Wild horses still protected under prevailing laws in New Mexico

WILD HORSES (Ruidoso News, Mar. 28, 2017)   —  With the dust finally settling on the New Mexico Legislature’s 2017 session, most of the bills and memorials dealing with wild horses died in committee.

The dead include House Bill 446 called Wild Horse in Statute and the accompanying House Memorial 102, Protection of Wild Horses. Also among the dead were House Joint Memorial 17, Protection of Wild Horses, and Senate Bill 126 introduced by Republican Pat Woods from Broadview, that would have changed livestock and wild horse definitions. That last bill was opposed by many local wild horse advocates as an attempt to eliminate the existence of wild horses in the state by classifying horses as livestock, but supported by some who contended the bill’s provisions protected property owners as well as horses. A second bill introduced by Woods, Senate Bill 184, Disposition of Trespassing Wild Horses, also died in committee.

The only survivor among the passel of proposed legislation was House Bill 390, Equine Rescue and Shelter Right of Refusal. The bill gives registered equine rescue or retirement facilities the first right of refusal to purchase an unclaimed horse classified as estray, or those that have been cruelty treated or caught while trespassing. If an owner doesn’t claim an estray equine within the allotted few days after the last publication of notice, a rescue or retirement facility will be given the chance to purchase the horse. If neither action occurs, the state livestock board has the right to sell the horse, which would include buyers with the intent to slaughter. If no bids are received, the board can order the horse to be humanely euthanized. Read the rest »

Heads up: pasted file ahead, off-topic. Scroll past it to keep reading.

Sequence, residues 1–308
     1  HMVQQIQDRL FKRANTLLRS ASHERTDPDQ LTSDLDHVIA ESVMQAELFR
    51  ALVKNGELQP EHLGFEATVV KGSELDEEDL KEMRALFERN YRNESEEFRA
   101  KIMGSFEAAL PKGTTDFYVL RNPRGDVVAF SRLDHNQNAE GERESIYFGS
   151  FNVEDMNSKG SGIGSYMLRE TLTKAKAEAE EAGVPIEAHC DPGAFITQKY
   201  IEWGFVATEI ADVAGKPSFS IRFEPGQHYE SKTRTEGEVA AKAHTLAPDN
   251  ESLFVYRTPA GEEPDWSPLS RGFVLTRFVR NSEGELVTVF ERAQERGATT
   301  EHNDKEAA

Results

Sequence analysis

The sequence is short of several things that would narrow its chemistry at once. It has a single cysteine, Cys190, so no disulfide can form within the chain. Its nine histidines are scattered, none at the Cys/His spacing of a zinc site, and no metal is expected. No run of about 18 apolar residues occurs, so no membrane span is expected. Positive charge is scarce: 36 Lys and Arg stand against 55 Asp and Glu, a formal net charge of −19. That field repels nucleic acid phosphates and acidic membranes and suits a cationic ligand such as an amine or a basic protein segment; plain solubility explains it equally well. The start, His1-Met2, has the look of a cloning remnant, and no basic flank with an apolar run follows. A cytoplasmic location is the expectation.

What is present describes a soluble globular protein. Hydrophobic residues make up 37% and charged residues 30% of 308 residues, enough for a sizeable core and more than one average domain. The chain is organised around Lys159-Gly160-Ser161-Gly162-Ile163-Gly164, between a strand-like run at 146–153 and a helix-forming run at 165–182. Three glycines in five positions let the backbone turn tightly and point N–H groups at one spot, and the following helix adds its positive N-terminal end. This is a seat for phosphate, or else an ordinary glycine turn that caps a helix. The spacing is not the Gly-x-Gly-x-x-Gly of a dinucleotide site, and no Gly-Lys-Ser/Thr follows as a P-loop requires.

Still image from YouTube video.

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